Recently, I was involved in a discussion about a major strategic investment that a company was contemplating. This investment was a possible game-changer involving the development of an important new business capability.
The key question on the table was: Will the prospective benefits exceed the costs, yielding returns greater than the cost of capital? What could be more obvious?
Two critical questions
In fact, assessing investments using the cost of capital, often called capital budgeting, is not obvious at all. It is a process that seems like second nature to virtually all managers, but one which only a few use correctly.
And it is critically important. If you get it wrong, it can lock your company in place, block your most important initiatives, and prevent you from getting in front of competitors.
Two key questions lie at the heart of sound investment assessment: (1) What is the cost of capital? and (2) How should I assess the value of investments?
Not so obvious
Let’s start with the first question: What is the cost of capital? Just look it up in a Finance textbook. It is the weighted average of the company’s cost of debt and cost of equity (with a few minor adjustments). Obvious, right?
In fact, the answer is not so obvious.
This seems like a technical question, but in reality it is a very important management issue because it tacitly determines a company’s asset productivity.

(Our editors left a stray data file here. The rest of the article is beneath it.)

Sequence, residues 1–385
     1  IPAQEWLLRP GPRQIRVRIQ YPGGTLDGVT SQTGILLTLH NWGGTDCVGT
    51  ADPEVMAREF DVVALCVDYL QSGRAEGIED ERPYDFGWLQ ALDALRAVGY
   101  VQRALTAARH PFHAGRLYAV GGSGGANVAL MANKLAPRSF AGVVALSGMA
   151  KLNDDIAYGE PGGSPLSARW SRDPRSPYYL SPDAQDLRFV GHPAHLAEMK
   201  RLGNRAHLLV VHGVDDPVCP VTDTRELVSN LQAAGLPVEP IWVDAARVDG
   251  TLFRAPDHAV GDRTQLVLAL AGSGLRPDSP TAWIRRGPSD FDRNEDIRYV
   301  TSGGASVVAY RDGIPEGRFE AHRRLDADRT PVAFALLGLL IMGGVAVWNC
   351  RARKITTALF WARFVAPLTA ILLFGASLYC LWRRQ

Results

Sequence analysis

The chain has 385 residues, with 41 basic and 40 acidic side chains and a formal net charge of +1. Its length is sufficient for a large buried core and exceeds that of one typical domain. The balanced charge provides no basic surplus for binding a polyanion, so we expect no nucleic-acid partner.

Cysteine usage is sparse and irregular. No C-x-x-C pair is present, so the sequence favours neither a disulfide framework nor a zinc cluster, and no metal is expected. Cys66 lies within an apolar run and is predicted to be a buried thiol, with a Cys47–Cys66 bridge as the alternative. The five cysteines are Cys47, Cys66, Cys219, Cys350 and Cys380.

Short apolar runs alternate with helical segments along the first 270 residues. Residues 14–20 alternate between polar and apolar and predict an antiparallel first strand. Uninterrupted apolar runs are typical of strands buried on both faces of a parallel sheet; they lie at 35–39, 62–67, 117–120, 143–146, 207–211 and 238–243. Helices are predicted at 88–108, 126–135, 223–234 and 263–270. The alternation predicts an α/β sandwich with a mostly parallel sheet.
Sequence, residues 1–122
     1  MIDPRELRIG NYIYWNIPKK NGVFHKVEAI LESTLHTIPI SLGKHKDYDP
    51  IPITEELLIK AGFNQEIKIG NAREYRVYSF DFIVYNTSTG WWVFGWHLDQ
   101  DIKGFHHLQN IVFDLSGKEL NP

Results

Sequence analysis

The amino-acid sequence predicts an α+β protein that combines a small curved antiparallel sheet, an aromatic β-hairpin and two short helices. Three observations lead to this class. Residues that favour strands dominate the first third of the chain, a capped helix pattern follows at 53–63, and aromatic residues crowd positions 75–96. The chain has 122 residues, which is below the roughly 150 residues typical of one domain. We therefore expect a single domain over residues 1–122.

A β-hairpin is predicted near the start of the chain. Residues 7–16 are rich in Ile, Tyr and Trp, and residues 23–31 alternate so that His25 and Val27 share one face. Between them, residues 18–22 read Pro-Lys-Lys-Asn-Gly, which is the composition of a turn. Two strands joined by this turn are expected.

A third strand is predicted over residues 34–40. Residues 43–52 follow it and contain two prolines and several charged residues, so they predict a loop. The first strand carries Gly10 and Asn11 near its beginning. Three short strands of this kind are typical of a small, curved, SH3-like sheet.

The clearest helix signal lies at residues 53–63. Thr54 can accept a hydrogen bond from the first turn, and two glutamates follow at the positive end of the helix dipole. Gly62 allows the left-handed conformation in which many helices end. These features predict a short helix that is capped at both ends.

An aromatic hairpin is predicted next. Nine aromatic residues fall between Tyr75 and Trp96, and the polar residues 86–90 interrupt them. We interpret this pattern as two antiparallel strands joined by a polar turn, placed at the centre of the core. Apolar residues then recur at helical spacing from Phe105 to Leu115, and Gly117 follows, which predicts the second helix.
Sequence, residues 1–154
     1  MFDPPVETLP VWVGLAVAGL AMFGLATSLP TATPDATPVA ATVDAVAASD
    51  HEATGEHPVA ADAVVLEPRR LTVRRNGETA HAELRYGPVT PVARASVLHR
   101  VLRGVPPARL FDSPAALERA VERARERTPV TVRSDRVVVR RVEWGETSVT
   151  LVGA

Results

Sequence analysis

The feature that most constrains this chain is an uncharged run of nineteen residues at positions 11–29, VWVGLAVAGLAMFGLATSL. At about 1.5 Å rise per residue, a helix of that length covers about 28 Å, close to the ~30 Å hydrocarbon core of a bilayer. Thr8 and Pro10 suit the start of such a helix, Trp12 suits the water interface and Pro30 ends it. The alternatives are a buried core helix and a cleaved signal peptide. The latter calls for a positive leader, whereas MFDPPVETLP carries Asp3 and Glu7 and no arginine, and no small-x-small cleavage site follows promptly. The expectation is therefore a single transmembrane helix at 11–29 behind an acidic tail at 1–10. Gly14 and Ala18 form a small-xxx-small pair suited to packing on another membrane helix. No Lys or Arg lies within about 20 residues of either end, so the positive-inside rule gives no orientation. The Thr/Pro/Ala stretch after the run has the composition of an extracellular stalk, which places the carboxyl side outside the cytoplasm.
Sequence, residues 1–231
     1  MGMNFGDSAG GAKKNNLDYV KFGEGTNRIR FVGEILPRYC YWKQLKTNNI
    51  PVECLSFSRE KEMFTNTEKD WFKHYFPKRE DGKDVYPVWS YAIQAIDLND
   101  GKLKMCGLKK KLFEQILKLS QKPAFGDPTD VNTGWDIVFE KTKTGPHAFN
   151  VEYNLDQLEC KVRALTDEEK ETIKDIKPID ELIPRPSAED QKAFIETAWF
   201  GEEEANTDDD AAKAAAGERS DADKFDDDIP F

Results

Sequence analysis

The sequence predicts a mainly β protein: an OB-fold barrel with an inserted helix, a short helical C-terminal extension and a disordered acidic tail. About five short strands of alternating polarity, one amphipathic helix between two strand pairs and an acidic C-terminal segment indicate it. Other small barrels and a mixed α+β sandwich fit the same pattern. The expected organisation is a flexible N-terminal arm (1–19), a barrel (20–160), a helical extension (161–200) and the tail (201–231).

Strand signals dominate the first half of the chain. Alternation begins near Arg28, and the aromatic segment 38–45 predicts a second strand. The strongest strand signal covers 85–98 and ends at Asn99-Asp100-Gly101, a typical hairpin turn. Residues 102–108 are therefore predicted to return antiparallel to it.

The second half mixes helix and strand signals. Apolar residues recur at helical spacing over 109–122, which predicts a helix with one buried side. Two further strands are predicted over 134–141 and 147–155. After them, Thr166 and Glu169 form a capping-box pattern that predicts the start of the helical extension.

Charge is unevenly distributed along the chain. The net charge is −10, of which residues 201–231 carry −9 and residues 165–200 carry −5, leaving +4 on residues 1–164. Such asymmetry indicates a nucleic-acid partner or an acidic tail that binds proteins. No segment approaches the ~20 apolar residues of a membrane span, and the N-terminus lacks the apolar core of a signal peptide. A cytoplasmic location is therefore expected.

The cost of capital is actually a composite. It is the weighted average of the risk/return profile of the company’s portfolio of investments (ranging from buying new machines to developing new product lines) that together constitute the existing business. This portfolio is comprised of some investments that have a very low risk and low return, other investments that have a very high risk and high return, and many in between.
Contrast an investment in a well-tested new machine to improve the efficiency of an existing process, with another investment to develop a new product line. The former investment has a low risk profile, and thus is a sensible investment even if it generates returns that are lower than the company’s composite (overall) cost of capital. The latter has a high risk profile, and thus requires a higher return than the company’s composite.
Here’s the key point: it is wrong to evaluate each investment by the standard of the company’s composite cost of capital – instead the right measure is how its risk-adjusted return compares with relevant investments, those with similar risk/return characteristics, in the company’s portfolio.